About the authors:
Medhat F. Zaher, MD, is a cardiovascular fellow at Staten Island University Hospital, New York. James C. Lafferty, MD, FACC, is a clinical professor of medicine and director of the cardiovascular fellowship program at Staten Island University Hospital, New York.
None of the authors has conflicts of interest, or financial disclosures.
A 68-year-old gentleman with known end-stage renal disease and chronic atrial fibrillation is being evaluated in the emergency department because of generalized weakness for 24 hours. A 12-lead electrocardiogram is shown below. What is the diagnosis? What is the first course of action?
The EKG tracing is very dramatic and is diagnostic of severe hyperkalemia in the described clinical setting. Serum potassium level was 8.6 mEq/L (hemolyzed). The EKG tracing shows regular rhythm which could be secondary to development of complete heart block with accelerated junctional or idioventricular escape rhythm or resolution of atrial fibrillation (re-establishment of sinus rhythm) with sino-ventricular conduction. Severe intra ventricular conduction delay results in sine-wave morphology of the QRS complex. Intravenous calcium gluconate (10 cc of 10% solution) was given and has changed the EKG immediately to the tracing below. EKG after treatment shows reappearance of atrial fibrillation. The QRS axis and morphology after treatment are very much the same as those during hyperkalemia except the QRS is much narrower. This suggests that the wide QRS complex during hyperkalemia was not of ventricular origin but more likely secondary to sino ventricular conduction or junctonal rhythm with significant intra ventricular conduction delay. Atrial fibrillation may disappear during severe hyperkalemia because of depressed atrial conduction-see below (1,2). This patient also received intra venous insulin-glucose and intravenous sodium bicarbonate. He also underwent emergent hemodialysis.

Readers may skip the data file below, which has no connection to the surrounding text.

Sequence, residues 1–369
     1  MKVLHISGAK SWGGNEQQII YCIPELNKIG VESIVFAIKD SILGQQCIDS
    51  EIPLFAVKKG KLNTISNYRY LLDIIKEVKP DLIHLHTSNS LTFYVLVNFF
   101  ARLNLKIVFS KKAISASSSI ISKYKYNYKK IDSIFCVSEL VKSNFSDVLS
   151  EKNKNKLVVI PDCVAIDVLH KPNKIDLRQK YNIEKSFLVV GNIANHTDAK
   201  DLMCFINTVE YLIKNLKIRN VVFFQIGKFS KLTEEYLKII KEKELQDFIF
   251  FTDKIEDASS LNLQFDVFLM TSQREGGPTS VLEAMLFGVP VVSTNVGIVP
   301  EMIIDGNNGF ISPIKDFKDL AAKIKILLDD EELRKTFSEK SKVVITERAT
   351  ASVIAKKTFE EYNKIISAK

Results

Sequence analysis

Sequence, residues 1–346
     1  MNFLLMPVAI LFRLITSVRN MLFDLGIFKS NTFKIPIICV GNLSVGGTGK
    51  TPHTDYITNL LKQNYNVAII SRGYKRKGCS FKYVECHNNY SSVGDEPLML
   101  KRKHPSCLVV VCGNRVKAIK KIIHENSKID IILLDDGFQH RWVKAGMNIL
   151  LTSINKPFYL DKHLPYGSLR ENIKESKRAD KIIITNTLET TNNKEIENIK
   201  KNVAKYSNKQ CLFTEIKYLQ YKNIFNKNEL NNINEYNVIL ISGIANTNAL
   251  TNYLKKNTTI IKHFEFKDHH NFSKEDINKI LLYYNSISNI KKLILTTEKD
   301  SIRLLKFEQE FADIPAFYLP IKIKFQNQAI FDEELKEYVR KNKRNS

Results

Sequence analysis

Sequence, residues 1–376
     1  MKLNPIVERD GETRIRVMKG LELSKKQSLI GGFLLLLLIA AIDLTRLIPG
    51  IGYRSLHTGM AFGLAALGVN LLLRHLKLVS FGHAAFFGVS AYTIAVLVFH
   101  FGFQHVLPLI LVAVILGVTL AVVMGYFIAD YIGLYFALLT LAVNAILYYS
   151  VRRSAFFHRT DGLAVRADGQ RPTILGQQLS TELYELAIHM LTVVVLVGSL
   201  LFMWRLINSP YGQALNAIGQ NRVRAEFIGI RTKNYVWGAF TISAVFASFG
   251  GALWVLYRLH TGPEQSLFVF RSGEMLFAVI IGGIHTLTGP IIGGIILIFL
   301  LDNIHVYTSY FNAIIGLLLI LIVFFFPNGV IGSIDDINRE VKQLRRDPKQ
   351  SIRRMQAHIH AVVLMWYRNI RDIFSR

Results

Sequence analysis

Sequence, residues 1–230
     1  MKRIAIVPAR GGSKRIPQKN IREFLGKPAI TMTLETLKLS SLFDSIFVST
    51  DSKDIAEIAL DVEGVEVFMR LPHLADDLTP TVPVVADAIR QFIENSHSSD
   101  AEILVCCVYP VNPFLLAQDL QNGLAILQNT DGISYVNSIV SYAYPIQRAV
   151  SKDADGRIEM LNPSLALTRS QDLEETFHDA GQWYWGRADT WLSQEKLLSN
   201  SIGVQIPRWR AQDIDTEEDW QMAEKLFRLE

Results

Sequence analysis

Studies validate a good correlation between the degree of hyperkalemia and EKG changes (3). In addition, there is a predictable EKG progression as the plasma potassium becomes more elevated. The following more or less sequential changes occur:
Mild levels of hyperkalemia (5.5-6.5 mEq/L) are associated with T-wave changes that are most prominently seen in leads II, III and V2-4. A progressive increase in the amplitude of the T-wave, which becomes tall, thin, narrow-based and peaked “tented”, is the first and most common change. The T-wave is of relatively short duration, approximately 150 to 250 ms, which helps distinguish it from the broad-based T-wave typically seen in the setting of acute myocardial infarction or intra-¬cerebral vascular events. T-wave changes are present in only 22% of patients with hyperkalemia. QT-interval may be normal, short or long. ST-segment may be depressed. The inverted T-wave associated with left ventricular hypertrophy may pseudo-normalize (ie, flip upright) with hyperkalemia (4). The typical T-wave changes of hyperkalemia may be masked by prior digitalis administration. In patients receiving digitalis, the proximal T-wave inversion and the low amplitude terminal T-wave of digitalis effect may normalize when hyperkalemia supervenes (5). Reversible left anterior or posterior fascicular block may also occur.
Ikr current, which is responsible for phase 2 and 3 of the ventricular myocyte action potential is sensitive to extra cellular potassium level and as this level increases, potassium conductance is increased secondary to unknown mechanisms. This results in an in¬crease in the slope of phases 2 and 3 of the action potential and shortening of the terminal part of repolarization causing ST-seg¬ment depression, peaked T-waves and QT-interval shortening(6).